Those are the desires of people all across the state, and unfortunately, so many of them feel left out of the state’s economy. They feel pressed down by low wages and increasing costs and the [00:13:00] inability to meet their weekly and monthly financial obligations. That’s got to be key to this state. That’s got to be key to any leadership in the state, and those are the kind of challenges I’d want to lean into as Governor of Florida.
Chris Cate: I know your kids mean the world to you. You’ve already brought them up in the interview.
Mayor Gillum: Of course.
Chris Cate: Do you think that being a relatively new dad will help you think, and perhaps it already does, think farther into the future of Florida so you can make it a better state for your kids?
Mayor Gillum: [00:13:30] Absolutely. My kids are critical to that. Our emphasis around early childhood education in large part was birthed by my wife and I’s experience with trying to find a really good early learning center for our kids. We were also really shocked by the cost of access to high-quality early learning centers in our community, and that’s a challenge that families all across the state experience. Whether you’re low-income or a middle-class family, [00:14:00] it’s really expensive to have kids in this day and age.
We’ve got to figure out a way to help lift that burden for families in the state of Florida by providing the kinds of means, testing to be able to support families who are lower-income families to get access to high-quality childhood education because it could be the one thing that disrupts intergenerational poverty in their family.
For working families, and [00:14:30] frankly I don’t mean to rehash the past around the presidential election, but we had one candidate who talked strongly and had a plan for families earning $120,000 and below to provide them the kind of assistance that they need to make sure that their kids have access to high-quality early childhood education.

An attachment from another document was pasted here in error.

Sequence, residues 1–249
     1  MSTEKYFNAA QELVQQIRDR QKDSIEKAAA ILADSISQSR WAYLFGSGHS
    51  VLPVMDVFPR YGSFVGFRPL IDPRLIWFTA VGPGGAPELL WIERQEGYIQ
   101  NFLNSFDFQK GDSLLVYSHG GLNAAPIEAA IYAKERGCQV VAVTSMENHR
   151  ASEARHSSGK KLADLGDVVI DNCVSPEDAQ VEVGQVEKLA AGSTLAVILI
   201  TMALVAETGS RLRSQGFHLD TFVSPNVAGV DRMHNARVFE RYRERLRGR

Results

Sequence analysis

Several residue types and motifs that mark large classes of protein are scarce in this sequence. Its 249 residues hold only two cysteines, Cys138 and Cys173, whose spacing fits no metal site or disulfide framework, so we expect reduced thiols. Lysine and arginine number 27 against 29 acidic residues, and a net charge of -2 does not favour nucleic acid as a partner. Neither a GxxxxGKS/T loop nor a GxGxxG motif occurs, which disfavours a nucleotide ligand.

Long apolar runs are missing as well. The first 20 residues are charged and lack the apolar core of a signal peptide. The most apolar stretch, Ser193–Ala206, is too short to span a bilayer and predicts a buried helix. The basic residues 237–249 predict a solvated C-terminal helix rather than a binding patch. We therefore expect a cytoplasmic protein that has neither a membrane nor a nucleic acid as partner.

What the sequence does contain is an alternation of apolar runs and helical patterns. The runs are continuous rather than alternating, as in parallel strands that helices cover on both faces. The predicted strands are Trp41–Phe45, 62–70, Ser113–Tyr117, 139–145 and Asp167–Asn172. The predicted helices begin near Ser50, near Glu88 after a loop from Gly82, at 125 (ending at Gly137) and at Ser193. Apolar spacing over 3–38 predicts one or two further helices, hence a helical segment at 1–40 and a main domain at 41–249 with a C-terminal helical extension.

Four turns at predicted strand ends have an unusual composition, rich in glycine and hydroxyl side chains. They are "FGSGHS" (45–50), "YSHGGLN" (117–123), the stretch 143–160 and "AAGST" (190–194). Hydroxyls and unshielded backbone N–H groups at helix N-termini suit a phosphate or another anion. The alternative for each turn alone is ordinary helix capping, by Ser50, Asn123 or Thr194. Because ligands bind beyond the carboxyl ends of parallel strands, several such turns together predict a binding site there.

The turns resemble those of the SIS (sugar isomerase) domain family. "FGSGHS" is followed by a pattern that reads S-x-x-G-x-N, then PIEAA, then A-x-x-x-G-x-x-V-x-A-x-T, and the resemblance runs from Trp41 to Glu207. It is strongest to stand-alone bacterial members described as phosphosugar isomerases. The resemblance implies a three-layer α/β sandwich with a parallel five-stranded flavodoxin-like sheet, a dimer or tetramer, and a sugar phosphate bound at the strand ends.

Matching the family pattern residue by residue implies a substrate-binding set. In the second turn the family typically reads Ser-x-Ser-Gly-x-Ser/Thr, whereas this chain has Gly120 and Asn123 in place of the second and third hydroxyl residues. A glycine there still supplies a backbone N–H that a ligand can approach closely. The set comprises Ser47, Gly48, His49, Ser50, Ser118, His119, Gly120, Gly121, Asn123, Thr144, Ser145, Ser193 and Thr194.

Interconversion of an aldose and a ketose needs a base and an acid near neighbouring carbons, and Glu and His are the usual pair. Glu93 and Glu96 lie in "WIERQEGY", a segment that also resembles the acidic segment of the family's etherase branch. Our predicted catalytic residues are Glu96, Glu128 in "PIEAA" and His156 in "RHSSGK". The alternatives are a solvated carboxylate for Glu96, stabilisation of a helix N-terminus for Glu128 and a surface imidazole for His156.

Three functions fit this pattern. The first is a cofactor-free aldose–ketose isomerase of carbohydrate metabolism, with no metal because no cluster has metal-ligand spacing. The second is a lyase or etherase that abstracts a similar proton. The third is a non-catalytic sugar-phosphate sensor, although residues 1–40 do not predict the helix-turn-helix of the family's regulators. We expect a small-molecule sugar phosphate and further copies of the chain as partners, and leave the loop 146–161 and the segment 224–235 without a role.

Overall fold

Yes, my experience as a parent and as a father of young kids is instructive for some of the challenges that families in our city but all across our state experience. I’m desperate [00:15:00] to make sure that we create an education system in our state where every child begins kindergarten in our state ready to learn, that we shrink that word gap that exists between upper-income and lower-income households.
By third grade, we want to have every one of our kids reading on grade level, and we want to make sure that we got 100% graduation rate from our high schools and that we’re moving our kids either from high school into college or high school into job and eventually into career.
Emphasis needs to be placed back on [00:15:30] vocational work in our state and job-training skills, stuff that we used to have when I was coming up in Florida, a high school system shop, workshop, electrical, engineering, that, again, for kids who were not on a college [on track 00:15:45], they were able to find a skill that they can monetize and still make a good living for themselves. We need to return to that, a 2.0 version of vocation in our state, and I feel well-equipped to help lead that.
Chris Cate: Great. That sounds fantastic. My last four [00:16:00] questions are quick and they’re questions I ask every guest. The first one is, who is a Florida leader that you admire? It can be someone from Florida history or it can be someone still active in their work today.
Mayor Gillum: I think without a doubt that there have been really Trojans and real leaders in our state’s history. Obviously, Governor Collins comes to mind, Governor Askew comes to mind, but an example that I was [00:16:30] able to personally get to learn from and experience was someone like Cynthia Chestnut, who served in Gainesville as a state representative and member of the Florida House of Representatives.
Kendrick Meek and Tony Hill were also standouts for me during my days at Florida A&M University, being able to sit at their knees and learn from their example. We’ve had some really great leaders over the history of our state, and it’s time for us to restore that caliber [00:17:00] of leadership in our state capital at the helm.